2009 Fire Season Outlook for Western US

Northern California Again Poised to Add Millions of Tons of Carbon Dioxide to the Atmosphere Due to Wildfires

Northern California saw nearly a million acres burned last summer. This year may see a repeat of last season. That assessment comes the National Interagency Fire Center‘s (NIFC) Predictive Services, which, in its assessment, evaluated the condition of wildland fuels, weather forecasts, and climate and drought data.

Image courtesy of California Department of Forestry and Fire Protection

The Potential Is There, Ignitions Are The Unknown

“Whether or not we see that potential develop into another severe fire season in California depends on ignitions. Last year we had wide-spread lightning storms move through that area and ignite multiple fires… Overall, the areas with the greatest fire potential this summer are Arizona, New Mexico, California and north-central Washington.” – Rick Ochoa, fire weather program manager at NIFC

Washington, Texas, New Mexico, Arizona Have Above-Average Potential

In addition to California, north-central Washington is expected to see above normal potential or wildfire activity, based on persistent drought conditions. The Southwest, from Texas to Arizona, also is expected to see above normal fire potential until what is expected to be a robust monsoon season moderates conditions there beginning in early July.

The Rest of the West to See Lower Fire Threat

Elsewhere around the West, however, winter snowpacks and cooler early spring temperatures are expected to moderate conditions and keep the fire potential in the normal range for most other states. Although drought conditions are expected to persist in Nevada, the lack of moisture and subsequent lack of fine fuels are expected to result in a below normal fire potential. In Alaska, ample moisture over the winter, combined with a forecast for normal to below normal temperatures results in below normal potential for fire activity there as well.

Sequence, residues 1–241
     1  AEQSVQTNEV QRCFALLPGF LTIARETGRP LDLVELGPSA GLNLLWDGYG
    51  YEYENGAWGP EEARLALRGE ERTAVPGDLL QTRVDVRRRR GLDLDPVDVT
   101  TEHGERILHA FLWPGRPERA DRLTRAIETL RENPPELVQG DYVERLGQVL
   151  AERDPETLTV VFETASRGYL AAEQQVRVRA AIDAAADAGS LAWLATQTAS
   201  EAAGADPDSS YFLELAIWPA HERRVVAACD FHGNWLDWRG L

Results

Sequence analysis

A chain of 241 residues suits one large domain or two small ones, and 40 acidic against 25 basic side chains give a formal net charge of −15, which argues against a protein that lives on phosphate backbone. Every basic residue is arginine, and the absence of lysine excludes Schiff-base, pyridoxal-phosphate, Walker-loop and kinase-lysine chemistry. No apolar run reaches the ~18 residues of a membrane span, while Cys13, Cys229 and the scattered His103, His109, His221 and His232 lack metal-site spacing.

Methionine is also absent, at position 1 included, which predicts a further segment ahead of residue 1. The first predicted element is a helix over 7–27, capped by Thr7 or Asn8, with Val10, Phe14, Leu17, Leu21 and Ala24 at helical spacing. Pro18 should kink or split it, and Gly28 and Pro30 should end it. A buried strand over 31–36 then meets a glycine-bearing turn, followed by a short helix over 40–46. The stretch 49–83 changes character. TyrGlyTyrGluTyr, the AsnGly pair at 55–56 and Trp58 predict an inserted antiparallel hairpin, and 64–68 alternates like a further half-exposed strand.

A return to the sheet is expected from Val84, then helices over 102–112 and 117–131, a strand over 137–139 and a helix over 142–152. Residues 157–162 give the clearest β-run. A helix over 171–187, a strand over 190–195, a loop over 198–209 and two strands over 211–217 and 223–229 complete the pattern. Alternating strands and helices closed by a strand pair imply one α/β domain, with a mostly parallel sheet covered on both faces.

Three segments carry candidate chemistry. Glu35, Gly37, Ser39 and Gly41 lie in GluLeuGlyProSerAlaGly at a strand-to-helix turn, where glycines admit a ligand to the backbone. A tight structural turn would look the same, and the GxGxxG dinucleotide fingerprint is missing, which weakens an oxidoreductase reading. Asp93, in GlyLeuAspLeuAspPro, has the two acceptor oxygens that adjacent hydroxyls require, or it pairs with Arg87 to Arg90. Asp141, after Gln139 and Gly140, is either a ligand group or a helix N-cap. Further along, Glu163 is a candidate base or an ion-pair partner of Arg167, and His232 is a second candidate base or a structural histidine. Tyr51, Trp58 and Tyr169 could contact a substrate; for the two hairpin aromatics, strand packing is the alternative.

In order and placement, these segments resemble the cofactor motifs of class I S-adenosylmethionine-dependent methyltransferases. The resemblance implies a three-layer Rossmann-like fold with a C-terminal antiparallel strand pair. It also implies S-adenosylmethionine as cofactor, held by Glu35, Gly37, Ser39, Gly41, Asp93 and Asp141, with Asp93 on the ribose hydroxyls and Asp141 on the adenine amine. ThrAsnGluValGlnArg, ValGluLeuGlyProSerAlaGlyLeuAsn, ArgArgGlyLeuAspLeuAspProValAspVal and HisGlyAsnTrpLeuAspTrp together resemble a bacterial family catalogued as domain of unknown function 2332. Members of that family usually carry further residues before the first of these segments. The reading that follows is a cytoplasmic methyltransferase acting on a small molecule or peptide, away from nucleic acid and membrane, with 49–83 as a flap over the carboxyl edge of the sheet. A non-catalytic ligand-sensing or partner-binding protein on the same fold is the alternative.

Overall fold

The full seasonal assessment can be viewed at: http://www.predictiveservices.nifc.gov/outlooks/outlooks.htm

NIFC Podcast: Robyn Heffernan, NIFC Meteorologist Discusses 2009 fire season outlook

Update: Fire information can be found at InciWeb. Here’s the latest on Santa Barbara’s Jesusita Fire.


 


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Tree Seedlings Available for Planting on California’s Post-Fire Forest Restoration

California experienced a severe fire season last year. Many thousands of forested acres have burned both on private and public lands.

CAL FIRE assistance programs can help California forest landowners whose forests were affected by fires. One of these programs is the Tree Seedling Nursery Program. This program sells tree seedlings for reforesting forest ownerships. Tree seedlings are available to the public for reforestation, erosion control, watershed protection, windbreaks, Christmas tree and fuelwood plantations, and approved research projects. All seedlings grown are from seed well adapted to the various climate zones, growing conditions and elevations found within the state.

At present, CAL FIRE Magalia Reforestation Center still has good inventories of appropriate seedlings available. Yet, demand may overwhelm the supplies. Therefore, landowners need to first check with the Magalia Reforestation Center’s staff to determine what is available and before submitting their orders.

The CAL FIRE Nursery Program also has a staff of foresters who can provide free reforestation advice to landowners. In addition to these foresters, CAL FIRE has forestry assistant specialists at most local Unit Offices who can also provide free reforestation advice or direct individuals to the type of professional consultant they may need to assist them. These specialists also can provide information on limited State or Federal cost-share funding that may be available.

Keep in mind, seedling prices vary by age (one or two year old), how they were grown (bareroot or in containers) and by the quantity purchased. Seedlings grown cover the majority of California’s timberland conifer species, with a few hardwoods and some non-natives grown for specific landowner objectives.

For more information, please contact the Magalia Reforestation Center at 6640 Steiffer Road, Magalia, 95954, Phone: (530) 872-6301 (email: cdfnursery@fire.ca.gov).

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